ST. LOUIS, MO - JUNE 5: Starter Carlos Zambrano #38 of the Chicago Cubs pitches against the St. Louis Cardinals at Busch Stadium on June 5, 2011 in St. Louis, Missouri. The Cardinals beat the Cubs 3-2 in 10 innings. (Photo by Dilip Vishwanat/Getty Images) R:\Merlin\Getty_Photos\GYI0065025794.jpg
Updated: September 29, 2011 12:27AM
CINCINNATI — The last thing Cubs pitcher Carlos Zambrano told reporters on his way out of the clubhouse Sunday after ripping teammate Carlos Marmol was, “We’re a Triple-A team.’’
The first thing he said Monday: “What’s the big deal about this?’’
In fact, that was the prevailing message throughout the team Monday, from the clubhouse to the front office.
Once Zambrano apologized to Marmol early in the day, they were BP buddies again by mid-afternoon, scooping grounders at shortstop before Monday night’s series opener against Cincinnati.
And after a sit-down with manager Mike Quade, Zambrano was back to business as usual.
No fines, no suspensions, no threat of imminent trade.
Just another loss on a road trip to ruin Matt Garza’s return from the disabled list. The Cubs, now losers of seven in a row and nine of their last 10, dropped an 8-2 decision to the Reds at Great American Ballpark.
As Zambrano said Sunday, “We stink. … This is embarrassing.’’
What are you going to do? Punish the guy for being right?
To be fair, Zambrano added some clarification Monday — but he didn’t back down from the larger point.
“I apologized to [Marmol] for the comments that I said, but at the same time, like I said [Sunday], we all need to get better,’’ Zambrano said. “I don’t say the team needs to get better. I say we need to get better. That’s my point. That’s the reality.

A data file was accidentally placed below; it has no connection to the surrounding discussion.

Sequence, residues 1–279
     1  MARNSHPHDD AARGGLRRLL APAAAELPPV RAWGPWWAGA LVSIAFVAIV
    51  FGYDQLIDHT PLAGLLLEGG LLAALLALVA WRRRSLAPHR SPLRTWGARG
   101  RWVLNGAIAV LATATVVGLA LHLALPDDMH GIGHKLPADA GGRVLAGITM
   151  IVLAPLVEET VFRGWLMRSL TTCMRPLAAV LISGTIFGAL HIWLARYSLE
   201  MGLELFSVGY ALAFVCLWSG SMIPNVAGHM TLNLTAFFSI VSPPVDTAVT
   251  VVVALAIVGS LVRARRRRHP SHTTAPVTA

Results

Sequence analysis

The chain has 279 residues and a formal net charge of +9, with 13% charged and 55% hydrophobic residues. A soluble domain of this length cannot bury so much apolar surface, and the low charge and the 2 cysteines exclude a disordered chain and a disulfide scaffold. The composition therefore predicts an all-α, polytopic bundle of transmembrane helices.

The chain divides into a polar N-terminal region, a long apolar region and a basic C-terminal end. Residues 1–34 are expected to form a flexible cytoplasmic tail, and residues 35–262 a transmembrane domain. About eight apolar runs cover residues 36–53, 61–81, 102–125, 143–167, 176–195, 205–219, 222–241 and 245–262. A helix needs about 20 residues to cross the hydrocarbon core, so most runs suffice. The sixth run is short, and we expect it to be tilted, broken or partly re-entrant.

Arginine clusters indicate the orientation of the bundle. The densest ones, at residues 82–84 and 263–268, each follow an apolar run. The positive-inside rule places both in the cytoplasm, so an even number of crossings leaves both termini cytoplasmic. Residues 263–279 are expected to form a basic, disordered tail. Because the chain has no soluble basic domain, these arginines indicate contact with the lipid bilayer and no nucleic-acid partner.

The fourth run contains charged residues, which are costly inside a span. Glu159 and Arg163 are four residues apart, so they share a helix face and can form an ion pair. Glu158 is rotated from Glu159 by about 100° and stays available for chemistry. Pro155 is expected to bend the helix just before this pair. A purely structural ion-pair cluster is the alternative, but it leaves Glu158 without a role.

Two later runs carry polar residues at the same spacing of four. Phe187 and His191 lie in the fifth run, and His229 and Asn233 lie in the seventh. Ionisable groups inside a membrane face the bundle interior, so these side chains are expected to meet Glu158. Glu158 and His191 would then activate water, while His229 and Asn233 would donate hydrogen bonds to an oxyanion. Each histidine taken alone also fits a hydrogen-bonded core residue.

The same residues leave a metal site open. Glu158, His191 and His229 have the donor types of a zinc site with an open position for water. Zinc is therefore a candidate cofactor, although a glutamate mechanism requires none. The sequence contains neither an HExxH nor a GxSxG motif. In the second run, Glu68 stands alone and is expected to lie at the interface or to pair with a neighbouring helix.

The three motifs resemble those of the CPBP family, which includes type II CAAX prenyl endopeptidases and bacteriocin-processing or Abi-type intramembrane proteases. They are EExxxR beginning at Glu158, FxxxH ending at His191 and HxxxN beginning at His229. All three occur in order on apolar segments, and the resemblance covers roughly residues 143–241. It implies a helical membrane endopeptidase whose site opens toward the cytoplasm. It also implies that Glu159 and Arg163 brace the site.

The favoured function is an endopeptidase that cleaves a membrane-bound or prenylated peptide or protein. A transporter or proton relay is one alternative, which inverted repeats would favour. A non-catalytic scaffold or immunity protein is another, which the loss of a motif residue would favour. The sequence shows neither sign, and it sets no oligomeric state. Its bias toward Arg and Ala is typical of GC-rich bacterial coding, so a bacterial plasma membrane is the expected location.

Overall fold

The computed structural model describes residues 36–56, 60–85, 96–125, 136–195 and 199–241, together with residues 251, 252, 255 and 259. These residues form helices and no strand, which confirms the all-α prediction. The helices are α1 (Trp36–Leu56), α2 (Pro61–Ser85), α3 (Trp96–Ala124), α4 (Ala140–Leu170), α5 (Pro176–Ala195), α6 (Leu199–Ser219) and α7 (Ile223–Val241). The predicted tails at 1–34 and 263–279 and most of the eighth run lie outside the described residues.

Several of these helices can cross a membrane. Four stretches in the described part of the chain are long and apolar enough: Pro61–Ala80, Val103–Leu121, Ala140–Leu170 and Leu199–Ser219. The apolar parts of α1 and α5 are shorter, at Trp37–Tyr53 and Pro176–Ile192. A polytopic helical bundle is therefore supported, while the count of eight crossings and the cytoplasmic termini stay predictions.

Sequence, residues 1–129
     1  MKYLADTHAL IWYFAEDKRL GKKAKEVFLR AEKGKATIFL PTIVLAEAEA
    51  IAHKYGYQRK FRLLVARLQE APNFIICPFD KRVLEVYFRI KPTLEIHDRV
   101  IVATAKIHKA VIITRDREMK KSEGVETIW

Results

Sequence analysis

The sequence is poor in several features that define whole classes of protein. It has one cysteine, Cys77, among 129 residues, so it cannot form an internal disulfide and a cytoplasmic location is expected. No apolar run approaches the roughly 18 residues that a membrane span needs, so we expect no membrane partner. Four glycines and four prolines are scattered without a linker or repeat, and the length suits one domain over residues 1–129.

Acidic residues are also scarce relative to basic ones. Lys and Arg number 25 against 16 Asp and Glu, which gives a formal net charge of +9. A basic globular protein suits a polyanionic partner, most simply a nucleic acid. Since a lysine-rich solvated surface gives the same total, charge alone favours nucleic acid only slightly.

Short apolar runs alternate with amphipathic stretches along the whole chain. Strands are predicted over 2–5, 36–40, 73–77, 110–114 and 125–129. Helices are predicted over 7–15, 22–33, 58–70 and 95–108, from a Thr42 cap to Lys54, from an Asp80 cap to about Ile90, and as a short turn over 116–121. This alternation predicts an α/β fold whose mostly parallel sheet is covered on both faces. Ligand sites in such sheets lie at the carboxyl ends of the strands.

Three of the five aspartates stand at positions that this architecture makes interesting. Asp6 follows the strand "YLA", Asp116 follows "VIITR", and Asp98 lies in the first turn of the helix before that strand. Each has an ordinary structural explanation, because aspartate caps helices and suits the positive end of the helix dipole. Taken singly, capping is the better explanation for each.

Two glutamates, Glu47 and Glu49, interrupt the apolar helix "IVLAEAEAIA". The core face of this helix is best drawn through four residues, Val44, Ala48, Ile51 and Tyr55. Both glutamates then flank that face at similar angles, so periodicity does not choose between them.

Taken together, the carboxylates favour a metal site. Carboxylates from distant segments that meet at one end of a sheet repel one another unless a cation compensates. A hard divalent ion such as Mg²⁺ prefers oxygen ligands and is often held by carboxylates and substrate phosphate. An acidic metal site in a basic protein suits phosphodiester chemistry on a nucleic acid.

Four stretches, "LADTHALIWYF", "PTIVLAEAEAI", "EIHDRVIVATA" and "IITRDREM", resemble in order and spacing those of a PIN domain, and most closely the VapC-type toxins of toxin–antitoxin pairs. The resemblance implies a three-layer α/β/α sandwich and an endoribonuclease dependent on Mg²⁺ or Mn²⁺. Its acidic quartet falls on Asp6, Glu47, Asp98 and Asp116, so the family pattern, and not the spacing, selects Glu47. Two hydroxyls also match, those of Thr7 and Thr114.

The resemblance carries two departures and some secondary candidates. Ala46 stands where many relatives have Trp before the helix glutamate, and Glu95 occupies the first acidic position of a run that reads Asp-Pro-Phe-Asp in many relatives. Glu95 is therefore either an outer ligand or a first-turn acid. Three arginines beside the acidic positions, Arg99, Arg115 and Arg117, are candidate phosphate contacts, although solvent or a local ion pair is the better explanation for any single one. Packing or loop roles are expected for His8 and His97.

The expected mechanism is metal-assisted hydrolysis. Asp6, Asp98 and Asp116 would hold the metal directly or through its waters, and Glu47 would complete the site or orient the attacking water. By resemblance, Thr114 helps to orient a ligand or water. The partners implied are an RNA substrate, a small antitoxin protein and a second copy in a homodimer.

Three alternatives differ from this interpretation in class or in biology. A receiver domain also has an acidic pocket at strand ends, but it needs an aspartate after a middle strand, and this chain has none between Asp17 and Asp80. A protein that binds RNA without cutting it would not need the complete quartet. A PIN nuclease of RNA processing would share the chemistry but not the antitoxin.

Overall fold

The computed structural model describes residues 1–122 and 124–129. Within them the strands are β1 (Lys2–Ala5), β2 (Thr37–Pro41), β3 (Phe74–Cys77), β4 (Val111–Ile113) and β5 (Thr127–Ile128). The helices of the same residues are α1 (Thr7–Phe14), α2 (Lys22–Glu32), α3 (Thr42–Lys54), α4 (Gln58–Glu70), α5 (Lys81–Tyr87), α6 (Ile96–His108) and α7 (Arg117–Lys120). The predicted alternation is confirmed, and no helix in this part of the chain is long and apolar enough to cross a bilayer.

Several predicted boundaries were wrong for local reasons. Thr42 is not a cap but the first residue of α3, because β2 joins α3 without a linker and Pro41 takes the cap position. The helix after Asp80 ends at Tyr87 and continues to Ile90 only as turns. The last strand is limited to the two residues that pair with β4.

“It was moment of frustration that made me say what I said, but whoever on this team doesn’t feel embarrassed, doesn’t feel like it’s time to do something, I don’t think he’s part of the team.’’
The only issue management and teammates seemed to have was that the message was sent through the media and that a teammate was called out.
“I see frustration [in it]. That’s obvious,’’ veteran pitcher Kerry Wood said. “But it’s not the first time something like that’s happened, and it’s not going to be the last time.”
Quade said he talked briefly with general manager Jim Hendry on Monday, who’s in Arizona for this week’s draft, and punishment for Z wasn’t considered.
In fact, most of the team spent more than an hour together before BP watching Hangover Part II in the clubhouse, Marmol and Zambrano laughing among them.
No team apology was requested or made. Hendry had Quade handle it without having his own talk with Zambrano.
“It’s a man’s game,’’ Quade said. “People get upset, and things get blown out of proportion way too much. As long as two people deal with it, then that’s that.’’
And for those back home calling for Zambrano’s head — or at least a suspension or trade?
“People react in different ways,’’ Quade said. “Carlos has been really, really good since his [anger-management] sabbatical last year, and I’m not just talking about performance. And a little bit of frustration’s not going to change that for me. I think that’s people overreacting, but people are entitled to their opinions.’’
But the larger school of thought outside the team on the subject seems to be that Zambrano was right. And maybe it was simply time for somebody on this lethargic, sinking team to say something.
“You tell me,’’ Zambrano said. “I mean, somebody has to say something. It doesn’t have to be me, because every time I open my mouth, obviously it’s a big thing.’’
Not that all the clubhouse veterans agree with the “Triple-A team’’ message.
“I can only speak for myself, but I don’t feel that way,’’ veteran third baseman Aramis Ramirez said. “Everybody’s different. We’re struggling right now. That’s the bottom line.
The other bottom line: Marmol said he’s good with Zambrano.
“It’s over. Any negative stuff is gone,’’ Marmol said. “We’re fine, and he’s not going to change [around] me, and I’m not going to change.”